Category Archives: Coursework

narrative and illustration # 4 – rain

“Imagine a magazine cover on one subject: rain. You have the entire cover space to work in, and you should produce a single, strong, attractive photograph that leaves no one in doubt about the subject. This is first an exercise in imagination, not always easy, and second an exercise in producing a photograph to a specification.”


This is what I settled on – the view from upstairs on a bus, as a woman with an umbrella crosses the road in front of us. As it is a magazine cover, it needs to be in portrait format; I cropped down to match the roughly 4:5 dimensions of the Guardian Weekend. There is plenty of space for text to be superimposed upon the image.  It works as a compendium of many of the ideas I examined while working on this exercise, during the couple of properly rainy days we’ve had recently. Continue reading

narrative and illustration # 2 – evidence of action

“Produce one photograph in which it can be seen that something has happened. As a suggestion, include in the photograph something that has been either broken, or emptied”  – AoP Coursebook

Digging Dug

Not a set up shot, but rather then end of an afternoon’s digging out the borders when the sunlight had sunk to the point where it no longer lit the brick air-raid shelter, but was still pointing up the uneven, freshly dug earth. It’s fairly obvious what has happened and the angles of lines running through the frame and the division of the space work nicely, I think, but it would be better if the pile of dug up grass and other weeds was more obviously different from the raggedy lawn which only got cut the next weekend.

colour # 3 – colour relationships

 Part 1 – Primary & Secondary Colours

“Produce one photograph for each combination of primary and secondary colours, adjusting the distance, focal length or framing when you shoot so that you compose the picture to the proportions listed […] — or at least close to them” – TAoP Coursebook

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colour # 1 – control the strength of a colour

Find a strong, definite colour – a painted door for instance – and choose a viewpoint so that the colour fills the viewfinder frame. Find the average exposure setting […] Then take a sequence of pictures; all composed exactly the same, but differently exposed from bright to dark.

Arrange the […] images together . Apart from the obvious fact that the […] photographs vary from over-exposure to under-exposure, what other difference is there in terms of the colour?

– AOP Coursebook.

The photos that follow were all taken on a sunny afternoon in my back garden using my D50 with a 35mm 1:2 AF lens on it. They are of a Camden Council recycling tub that I’ve used as a laundry basket ever since I moved north of the river at the turn of the century. There are seven pictures rather than five, because it was only a few weeks ago that – playing with the various menus on my camera – I realised that I could set the increments by which exposure compensation worked at anything other than 1/3 of a stop. Further evidence if it was needed that you can never spend too much time playing with your camera…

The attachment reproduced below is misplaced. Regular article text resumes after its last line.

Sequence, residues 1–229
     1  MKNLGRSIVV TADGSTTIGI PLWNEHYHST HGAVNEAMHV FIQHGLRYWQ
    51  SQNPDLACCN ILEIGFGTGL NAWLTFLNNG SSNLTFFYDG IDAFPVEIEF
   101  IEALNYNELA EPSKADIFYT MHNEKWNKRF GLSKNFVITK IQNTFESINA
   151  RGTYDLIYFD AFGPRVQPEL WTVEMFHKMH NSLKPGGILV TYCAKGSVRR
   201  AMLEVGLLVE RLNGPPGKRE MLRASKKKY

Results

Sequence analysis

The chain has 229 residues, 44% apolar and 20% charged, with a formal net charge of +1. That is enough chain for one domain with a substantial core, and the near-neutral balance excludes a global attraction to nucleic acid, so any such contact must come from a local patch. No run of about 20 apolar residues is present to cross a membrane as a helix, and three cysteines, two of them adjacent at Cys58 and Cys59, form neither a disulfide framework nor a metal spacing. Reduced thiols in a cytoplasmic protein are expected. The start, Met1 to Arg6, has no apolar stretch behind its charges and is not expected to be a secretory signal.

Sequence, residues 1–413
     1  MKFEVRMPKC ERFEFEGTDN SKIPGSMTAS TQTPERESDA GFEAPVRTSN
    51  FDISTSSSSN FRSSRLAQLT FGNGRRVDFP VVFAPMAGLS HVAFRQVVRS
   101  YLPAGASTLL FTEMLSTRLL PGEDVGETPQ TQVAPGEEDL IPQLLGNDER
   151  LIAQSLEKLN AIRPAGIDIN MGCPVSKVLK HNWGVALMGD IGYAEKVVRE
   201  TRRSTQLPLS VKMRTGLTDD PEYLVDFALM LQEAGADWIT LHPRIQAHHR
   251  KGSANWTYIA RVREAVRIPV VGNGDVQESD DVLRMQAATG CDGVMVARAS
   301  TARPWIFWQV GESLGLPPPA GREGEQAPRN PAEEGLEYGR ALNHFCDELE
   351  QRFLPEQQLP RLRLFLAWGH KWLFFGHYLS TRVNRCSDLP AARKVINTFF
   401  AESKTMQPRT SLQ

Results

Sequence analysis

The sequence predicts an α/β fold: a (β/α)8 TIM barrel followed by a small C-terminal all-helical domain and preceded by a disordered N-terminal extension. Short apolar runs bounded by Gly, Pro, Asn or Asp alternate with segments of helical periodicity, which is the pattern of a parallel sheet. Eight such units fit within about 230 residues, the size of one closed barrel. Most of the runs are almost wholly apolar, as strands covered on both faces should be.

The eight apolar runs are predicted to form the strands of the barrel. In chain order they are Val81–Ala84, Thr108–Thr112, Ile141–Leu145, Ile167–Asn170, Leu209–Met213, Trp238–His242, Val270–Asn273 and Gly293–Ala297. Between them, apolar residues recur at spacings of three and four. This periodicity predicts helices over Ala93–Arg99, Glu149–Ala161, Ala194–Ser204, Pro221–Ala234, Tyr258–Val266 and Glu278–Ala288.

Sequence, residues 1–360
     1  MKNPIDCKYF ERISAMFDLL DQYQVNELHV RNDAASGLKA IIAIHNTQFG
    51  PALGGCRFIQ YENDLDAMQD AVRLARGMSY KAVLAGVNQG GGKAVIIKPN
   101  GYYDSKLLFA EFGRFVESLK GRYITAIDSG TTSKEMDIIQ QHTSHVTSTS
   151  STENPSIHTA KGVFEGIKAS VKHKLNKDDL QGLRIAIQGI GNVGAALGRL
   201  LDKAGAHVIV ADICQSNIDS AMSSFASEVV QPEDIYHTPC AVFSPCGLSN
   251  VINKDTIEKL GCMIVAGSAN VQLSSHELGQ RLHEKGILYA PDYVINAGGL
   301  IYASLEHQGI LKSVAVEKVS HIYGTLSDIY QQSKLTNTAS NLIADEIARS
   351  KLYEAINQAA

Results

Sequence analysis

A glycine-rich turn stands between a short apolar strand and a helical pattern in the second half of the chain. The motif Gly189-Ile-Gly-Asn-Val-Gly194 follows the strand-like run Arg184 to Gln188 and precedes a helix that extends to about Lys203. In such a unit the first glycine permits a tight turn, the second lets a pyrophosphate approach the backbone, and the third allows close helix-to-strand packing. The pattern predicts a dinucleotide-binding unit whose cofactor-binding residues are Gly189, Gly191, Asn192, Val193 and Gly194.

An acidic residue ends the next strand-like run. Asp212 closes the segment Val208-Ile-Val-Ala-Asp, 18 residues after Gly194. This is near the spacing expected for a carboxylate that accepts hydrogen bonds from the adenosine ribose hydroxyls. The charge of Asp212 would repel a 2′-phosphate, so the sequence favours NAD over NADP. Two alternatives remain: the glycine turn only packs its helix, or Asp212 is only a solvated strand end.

All h-s-l values were calculated in Photoshop Elements 6 for Mac and were based on the centre of the embossed cross.

From looking at the the pictures, I can see that the lightness (brightness in Adobe-land) does indeed decrease quite dramatically as the sequence goes on; the saturation likewise increases and the colour temperature (hue) moves up from being closer to cyan to a much more obvious blue and end almost in the region of violet. The truest blues seem to be in the three pictures starting with the one shot at the meter reading and continuing into slight underexposure.

Likewise, doing the same thing with a red storage tub and a yellow council grit container showed similar results, although the red showed a slight drop off in saturation below an average exposure and yellow seemed most saturated either at average or slightly higher.

I’ll have a go with some pictures containing more than one colour, to see if I can emphasise a particular colour by choosing the correct level of under (or over) exposure while reducing the impact of the others.

(Postscript – I have also played with one of the standard exposure pictures and have found that  – providing the highlights or the shadows aren’t clipped – a raw image can be moved up and down the exposure range in Lightroom, creating the same colour effects to my eye as can be created in camera by altering the exposure; another thing to try while editing, I guess …).

in today’s guardian

The Guardian, 14/10/2014 (either Jerome Daly/AP or John Moore/Getty Images - the paper doesn't say)

The Guardian, 14/10/2014 (either Jerome Daly/AP or John Moore/Getty Images – the paper doesn’t say)

When I saw this on the front of today’s G2, against a black background rather than the white here, I thought this was a splendid photograph; 14 hours after I first looked at it, sat on the tube, somewhere between Blackhorse Road and Tottenham Hale, I still do. Continue reading

elements of design # 8 – rhythm and pattern

Produce at least 2 photographs, one should convey rhythm, the other pattern. Remember that that in rhythm there needs to be a sequence in the picture so that the eye will follow a direction and experience an optical beat. For the pattern photograph, be careful with the framing […] so that the eye can imagine it continuing well beyond it. – AoP Coursebook

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